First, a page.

| Home > 106th Congressional Bills > H.R. 4791 (ih) To amend title 38, United States Code, to establish a presumption of service connection for the occurrence of hepatitis C in certain veterans. [Introduced in House] ...
H.R. 4791 (ih) To amend title 38, United States Code, to establish a presumption of service connection for the occurrence of hepatitis C in certain veterans. [Introduced in House] ...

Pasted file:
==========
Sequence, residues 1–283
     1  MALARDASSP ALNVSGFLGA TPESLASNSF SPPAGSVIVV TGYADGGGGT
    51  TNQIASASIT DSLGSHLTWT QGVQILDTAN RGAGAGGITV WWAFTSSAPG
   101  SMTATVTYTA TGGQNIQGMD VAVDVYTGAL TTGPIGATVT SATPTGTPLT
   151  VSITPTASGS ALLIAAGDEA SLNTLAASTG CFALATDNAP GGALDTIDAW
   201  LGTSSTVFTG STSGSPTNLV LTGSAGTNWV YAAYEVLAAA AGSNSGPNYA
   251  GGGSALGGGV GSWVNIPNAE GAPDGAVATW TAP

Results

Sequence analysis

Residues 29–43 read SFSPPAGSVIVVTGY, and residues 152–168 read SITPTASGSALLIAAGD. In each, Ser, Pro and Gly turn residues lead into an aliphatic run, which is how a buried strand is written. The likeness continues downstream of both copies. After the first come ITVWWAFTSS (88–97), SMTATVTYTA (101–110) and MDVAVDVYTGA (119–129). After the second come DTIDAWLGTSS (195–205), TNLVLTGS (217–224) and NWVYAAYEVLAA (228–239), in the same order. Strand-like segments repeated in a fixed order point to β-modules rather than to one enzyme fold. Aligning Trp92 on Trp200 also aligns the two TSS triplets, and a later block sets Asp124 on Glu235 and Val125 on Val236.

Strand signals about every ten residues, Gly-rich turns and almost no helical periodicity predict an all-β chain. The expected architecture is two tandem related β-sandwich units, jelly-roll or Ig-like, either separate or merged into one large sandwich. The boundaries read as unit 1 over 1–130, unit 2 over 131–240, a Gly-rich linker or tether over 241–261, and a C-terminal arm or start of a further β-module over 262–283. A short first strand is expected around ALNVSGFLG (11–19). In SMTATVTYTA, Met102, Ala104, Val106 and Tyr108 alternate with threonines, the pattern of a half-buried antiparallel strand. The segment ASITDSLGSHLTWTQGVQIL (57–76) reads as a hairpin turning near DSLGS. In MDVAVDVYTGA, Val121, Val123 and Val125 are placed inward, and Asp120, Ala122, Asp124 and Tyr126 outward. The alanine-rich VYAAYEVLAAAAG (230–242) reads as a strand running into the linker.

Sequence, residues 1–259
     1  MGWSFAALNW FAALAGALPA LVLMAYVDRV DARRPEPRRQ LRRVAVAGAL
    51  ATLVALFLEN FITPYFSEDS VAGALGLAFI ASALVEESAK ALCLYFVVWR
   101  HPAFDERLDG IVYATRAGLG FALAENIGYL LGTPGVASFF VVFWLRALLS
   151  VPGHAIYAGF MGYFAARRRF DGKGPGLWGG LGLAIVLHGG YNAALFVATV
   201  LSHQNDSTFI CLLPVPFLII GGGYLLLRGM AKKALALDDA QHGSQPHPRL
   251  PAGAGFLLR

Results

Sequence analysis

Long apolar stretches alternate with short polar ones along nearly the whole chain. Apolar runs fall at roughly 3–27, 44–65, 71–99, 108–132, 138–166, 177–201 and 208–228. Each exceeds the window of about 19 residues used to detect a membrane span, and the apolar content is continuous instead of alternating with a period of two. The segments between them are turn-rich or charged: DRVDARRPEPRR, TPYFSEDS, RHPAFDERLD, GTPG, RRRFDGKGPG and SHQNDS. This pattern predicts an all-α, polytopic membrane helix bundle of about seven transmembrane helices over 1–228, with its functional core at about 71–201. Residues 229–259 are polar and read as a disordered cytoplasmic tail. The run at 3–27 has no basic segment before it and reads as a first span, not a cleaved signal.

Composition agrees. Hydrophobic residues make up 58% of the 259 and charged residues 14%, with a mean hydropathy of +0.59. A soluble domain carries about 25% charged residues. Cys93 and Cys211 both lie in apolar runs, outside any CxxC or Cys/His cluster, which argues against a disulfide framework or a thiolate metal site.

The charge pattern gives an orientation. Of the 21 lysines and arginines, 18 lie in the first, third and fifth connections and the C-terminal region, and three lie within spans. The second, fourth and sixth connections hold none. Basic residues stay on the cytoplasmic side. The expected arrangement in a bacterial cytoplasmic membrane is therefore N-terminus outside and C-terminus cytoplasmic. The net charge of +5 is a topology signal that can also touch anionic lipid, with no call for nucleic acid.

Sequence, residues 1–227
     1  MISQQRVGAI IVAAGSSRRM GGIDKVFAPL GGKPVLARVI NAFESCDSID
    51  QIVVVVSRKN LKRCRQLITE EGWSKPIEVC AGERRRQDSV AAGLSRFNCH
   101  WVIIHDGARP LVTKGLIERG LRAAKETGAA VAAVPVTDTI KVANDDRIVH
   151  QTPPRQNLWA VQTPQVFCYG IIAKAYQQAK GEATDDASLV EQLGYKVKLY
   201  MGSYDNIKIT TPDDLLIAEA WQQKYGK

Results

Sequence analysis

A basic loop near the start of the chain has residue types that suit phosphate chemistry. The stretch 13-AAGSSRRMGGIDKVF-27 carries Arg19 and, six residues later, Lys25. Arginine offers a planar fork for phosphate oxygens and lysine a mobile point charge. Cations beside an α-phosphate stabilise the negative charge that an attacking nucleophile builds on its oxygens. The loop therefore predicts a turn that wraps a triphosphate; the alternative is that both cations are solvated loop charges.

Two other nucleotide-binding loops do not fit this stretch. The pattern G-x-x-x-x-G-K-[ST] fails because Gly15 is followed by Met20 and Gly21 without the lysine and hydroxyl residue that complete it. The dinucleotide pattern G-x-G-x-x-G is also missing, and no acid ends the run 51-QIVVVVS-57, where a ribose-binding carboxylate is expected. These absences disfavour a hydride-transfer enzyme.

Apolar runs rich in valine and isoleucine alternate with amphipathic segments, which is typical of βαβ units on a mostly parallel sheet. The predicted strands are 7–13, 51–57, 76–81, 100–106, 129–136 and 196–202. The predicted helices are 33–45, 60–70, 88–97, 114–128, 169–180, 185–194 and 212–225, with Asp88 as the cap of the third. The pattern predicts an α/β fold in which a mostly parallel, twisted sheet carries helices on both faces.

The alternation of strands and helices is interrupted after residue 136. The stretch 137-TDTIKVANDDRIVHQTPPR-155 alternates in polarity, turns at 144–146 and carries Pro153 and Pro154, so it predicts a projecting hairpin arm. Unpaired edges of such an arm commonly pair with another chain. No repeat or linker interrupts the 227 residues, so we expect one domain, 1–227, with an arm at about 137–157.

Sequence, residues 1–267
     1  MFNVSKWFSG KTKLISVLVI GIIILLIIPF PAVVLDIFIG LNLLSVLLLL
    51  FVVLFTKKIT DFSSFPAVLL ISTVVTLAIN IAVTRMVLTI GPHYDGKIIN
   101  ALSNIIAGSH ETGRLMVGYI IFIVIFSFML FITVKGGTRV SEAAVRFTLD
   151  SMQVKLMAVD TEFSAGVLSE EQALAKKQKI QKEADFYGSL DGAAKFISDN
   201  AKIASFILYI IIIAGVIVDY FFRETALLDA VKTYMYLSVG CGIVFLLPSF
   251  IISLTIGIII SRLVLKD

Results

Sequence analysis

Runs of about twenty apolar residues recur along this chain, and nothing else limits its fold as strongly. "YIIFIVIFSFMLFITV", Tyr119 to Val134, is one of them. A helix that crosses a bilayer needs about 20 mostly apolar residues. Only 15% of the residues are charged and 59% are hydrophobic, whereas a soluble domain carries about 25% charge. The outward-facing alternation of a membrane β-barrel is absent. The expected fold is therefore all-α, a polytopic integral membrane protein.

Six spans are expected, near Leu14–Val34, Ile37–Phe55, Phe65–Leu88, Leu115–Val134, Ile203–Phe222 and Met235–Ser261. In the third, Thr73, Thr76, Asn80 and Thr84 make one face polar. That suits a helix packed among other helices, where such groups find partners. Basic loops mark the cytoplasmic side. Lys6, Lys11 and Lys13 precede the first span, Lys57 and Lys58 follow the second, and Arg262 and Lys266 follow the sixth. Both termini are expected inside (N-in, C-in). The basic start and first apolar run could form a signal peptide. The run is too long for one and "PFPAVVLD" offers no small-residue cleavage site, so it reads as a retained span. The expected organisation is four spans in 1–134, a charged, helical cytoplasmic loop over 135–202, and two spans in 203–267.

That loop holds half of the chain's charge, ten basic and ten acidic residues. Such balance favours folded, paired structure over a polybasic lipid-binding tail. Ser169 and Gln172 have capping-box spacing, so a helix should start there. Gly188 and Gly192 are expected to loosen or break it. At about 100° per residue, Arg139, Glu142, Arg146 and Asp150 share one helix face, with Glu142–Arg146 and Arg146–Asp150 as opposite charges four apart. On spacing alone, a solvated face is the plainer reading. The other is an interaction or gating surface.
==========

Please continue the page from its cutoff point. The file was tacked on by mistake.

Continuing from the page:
Union Calendar No. 496 106th CONGRESS 2d Session H. R. 4790 [Report No. 106-838] To recognize hunting heritage and provide opportunities for continued hunting on public lands. _______________________________________________________________________ IN THE HOUSE OF REPRESENTATIVES June 29, 2000 Mr. Chambliss (for himself, Mr. Young of Alaska, Mr. Peterson of Minnesota, Mr. Cunningham, Mr. Pickering, Mr. Green of Wisconsin, Mr. Thune, and Mr. Hansen) introduced the following bill; which was referred to the Committee on Resources September 12, 2000 Reported with an amendment, committed to the Committee of the Whole House on the State of the Union, and ordered to be printed [Strike out all after the enacting clause and insert the part printed in italic] [For text of introduced bill, see copy of bill as introduced on June 29, 2000] _______________________________________________________________________ A BILL To recognize hunting heritage and provide opportunities for continued hunting on public lands. Be it enacted by the Senate and House of Representatives of the United States of America in Congress assembled, SECTION 1. SHORT TITLE. This Act may be cited as the ``Hunting Heritage Protection Act''. SEC. 2. FINDINGS. The Congress finds the following: (1) Recreational hunting is an important and traditional recreational activity in which 14,000,000 Americans 16 years of age and older participate. (2) Hunters have been and continue to be among the foremost supporters of sound wildlife management and conservation practices in the United States. (3) Persons who hunt and organizations related to hunting provide direct assistance to wildlife managers and enforcement officers of Federal, State, and local governments. (4) Purchases of hunting licenses, permits, and stamps and excise taxes on goods used by hunters have generated billions of dollars for wildlife conservation, research, and management. (5) Recreational hunting is an essential component of effective wildlife management, in that it is an important tool for reducing conflicts between people and wildlife and provides incentives for the conservation of wildlife and habitats and ecosystems on which wildlife depends. (6) Each State has established at least one agency staffed by professionally trained wildlife management personnel, that has legal authority to manage the wildlife in the State. (7) Recreational hunting is an environmentally acceptable activity that occurs and can be provided for on Federal public lands without adverse effects on other uses of that land and water. SEC. 3. RECREATIONAL HUNTING. (a) In General.--Subject to valid existing rights, Federal public lands shall be open to access and use for recreational hunting except-- (1) as limited by the Federal agency with responsibility for Federal public lands-- (A) for reasons of national security; (B) for reasons of public safety; or (C) for reasons authorized in applicable Federal statutes as reasons for closure; and (2) as recreational hunting is limited by the State in which the Federal public lands are located. (b) Management.--The head of each Federal agency with authority to manage a natural resource or Federal public lands on which a natural resource depends shall exercise that authority, consistent with subsection (a), in a manner so as to support, promote, and enhance recreational hunting opportunities, to the extent authorized under State law and regulation and in accordance with applicable Federal law. (c) No Net Loss.-- (1) In general.--Federal land management decisions and actions should, to the greatest extent practicable, result in no net loss of land area available for hunting opportunities on Federal public lands. (2) Annual report.--Not later than October 1 of each year, the head of each Federal agency with authority to manage Federal public lands on which recreational hunting occurs shall submit to the Committee on Resources of the House of Representatives and the Committee on Energy and Natural Resources of the Senate a report describing-- (A) areas administered by the agency that have been closed during the previous year to recreational hunting and the reasons for such closure; and (B) areas administered by the agency that were open to recreational hunting to compensate for those areas described under subparagraph (A). (d) Areas Not Affected.--Nothing in this Act shall be construed to compel the opening to recreational hunting of national parks or national monuments administered by the National Park Service. (e) No Priority.--This section does not require a Federal agency to give preference to hunting over other uses of Federal public lands, or over land or water management priorities established in Federal law. (f) Authority of the States.-- (1) Savings.--Nothing in this Act shall be construed as affecting the authority, jurisdiction, or responsibility of the several States to manage, control, or regulate fish and resident wildlife under State law or regulations on land or water within a State, including Federal public lands, nor as impliedly preempting such State authority. (2) Federal licenses.--Nothing in this Act shall be construed as authorizing the head of any Federal agency, or any official of such an agency, to require licenses or permits to hunt, fish or trap on lands or waters within a State, including on Federal public lands. (3) State right of action.--Any State aggrieved by the failure of the head of a Federal agency or an official thereof to comply with this subsection may file a civil action in the United States District Court for the district in which the alleged act in violation of this subsection occurred or is occurring to enjoin permanently such act. The court may grant preliminary injunctive relief in any such action if the granting of such relief is appropriate under the facts on which such action is based. A State which is a prevailing party in an action pursuant to this paragraph shall be awarded its costs and attorneys' fees. SEC. 4. NATIONAL RECREATIONAL HUNTING COORDINATION COUNCIL. (a) Establishment.--There is hereby established a National Recreational Hunting Coordination Council (in this Act referred to as the ``Council''). (b) Recreational Hunting Resources Conservation Plan.-- (1) In general.--The Council, in cooperation with Federal agencies, States, and tribes, and the hunting community, shall develop a comprehensive recreational hunting and wildlife resource conservation plan. (2) Contents.--The plan shall-- (A) recommend short- and long-term actions to be carried out by the Federal agencies identified in the plan to conserve and restore wildlife habitat in a manner so as to support, promote, facilitate, and enhance recreational hunting opportunities on Federal public lands; and (B) include-- (i) a review and evaluation of Federal policies that affect recreational hunting opportunities on Federal public lands; (ii) recommendations to ensure that Federal agencies consider the social and economic values of healthy wildlife habitat and recreational hunting in land management decisions; (iii) recommended actions to be taken by Federal agencies to facilitate and promote hunting access to appropriate Federal public lands; (iv) recommended actions to facilitate the transfer of the latest resource information and management technologies to wildlife managers and the public to assist in the conservation and management of wildlife and the promotion of hunting opportunities on Federal public lands; (v) recommendations for improving Federal agency cooperation with States, tribes, wildlife conservation groups, and the hunting community; (vi) measurable objectives of efforts to conserve and restore wildlife habitats that support viable and healthy wildlife resources that may be hunted; (vii) a comprehensive mechanism to evaluate the attainment of the objectives described in clause (vi); and (viii) an evaluation of the need for a permanent National Recreational Hunting Coordination Council. (3) Integration.--To the extent practicable, the Council in developing such plan shall integrate it with existing plans and programs to reduce duplication of efforts. (4) Submission of plan.--Not later than 18 months after the date of enactment of this Act, the Council shall publish a draft plan in the Federal Register and provide opportunity for public review and comment. Not later than 3 years after the date of enactment, the Council shall revise and update as necessary the draft plan and submit a final plan to the Committee on Resources of the House of Representatives and the Committee on Energy and Natural Resources of the Senate, and the President. (c) Membership.-- (1) Number and appointment.--The Council shall consist of 11 members appointed as follows: (A) 1 member appointed by the Secretary of the Interior. (B) 1 member appointed by the Secretary of Agriculture. (C) 1 member appointed by the Secretary of Defense. (D) 1 member appointed by the Speaker of the House of Representatives. (E) 1 member appointed by the minority leader of the House of Representatives. (F) 1 member appointed by the majority leader of the Senate. (G) 1 member appointed by the minority leader of the Senate. (H) 2 members appointed by the President from among the directors of State fish and wildlife agencies. (I) 2 members appointed by the President to represent recreational hunters. (2) Vacancies.--A vacancy in the Council shall be filled in the manner in which the original appointment was made. (3) Pay.--Each member shall serve without pay. (4) Travel expenses.--Each member shall receive travel expenses, including per diem in lieu of subsistence, in accordance with sections 5702 and 5703 of title 5, United States Code. (5) Chairperson.--The members of the Council shall elect a Chairperson of the Council from among its members. (d) Powers of Council.-- (1) Hearings and sessions.--The Council may, for the purpose of carrying out this Act, hold hearings, sit and act at times and places, take testimony, and receive evidence as the Council considers appropriate. (2) Powers of members and agents.--Any member or agency of the Council may, if authorized by the Council, take any action which the Council is authorized to take by this subsection. (e) Termination.--The Council shall terminate upon the earlier of the date of submission of the final plan under subsection (b) or 3 years after the date of the enactment of this Act. (f) Authorization of Appropriations.--There are authorized to be appropriated to the Secretary of the Interior $250,000 for each of fiscal years 2001 through 2003 to support the Council established under this section. (g) Effective Date.--This section shall become effective January 20, 2001. SEC. 5. DEFINITIONS. In this Act: (1) Hunting.--The term ``hunting'' means the lawful pursuit, hunting, trapping, shooting, capture, collection, or killing of wildlife or the attempt to pursue, hunt, trap, shoot, capture, collect, or kill wildlife. (2) Federal public lands.--The term ``Federal public lands'' means any land or water the title to which is in the United States after the date of enactment of this Act. Union Calendar No. 496 106th CONGRESS 2d Session H. R. 4790 [Report No. 106-838] _______________________________________________________________________ A BILL To recognize hunting heritage and provide opportunities for continued hunting on public lands. _______________________________________________________________________ September 12, 2000 Reported with an amendment, committed to the Committee of the Whole House on the State of the Union, and ordered to be printed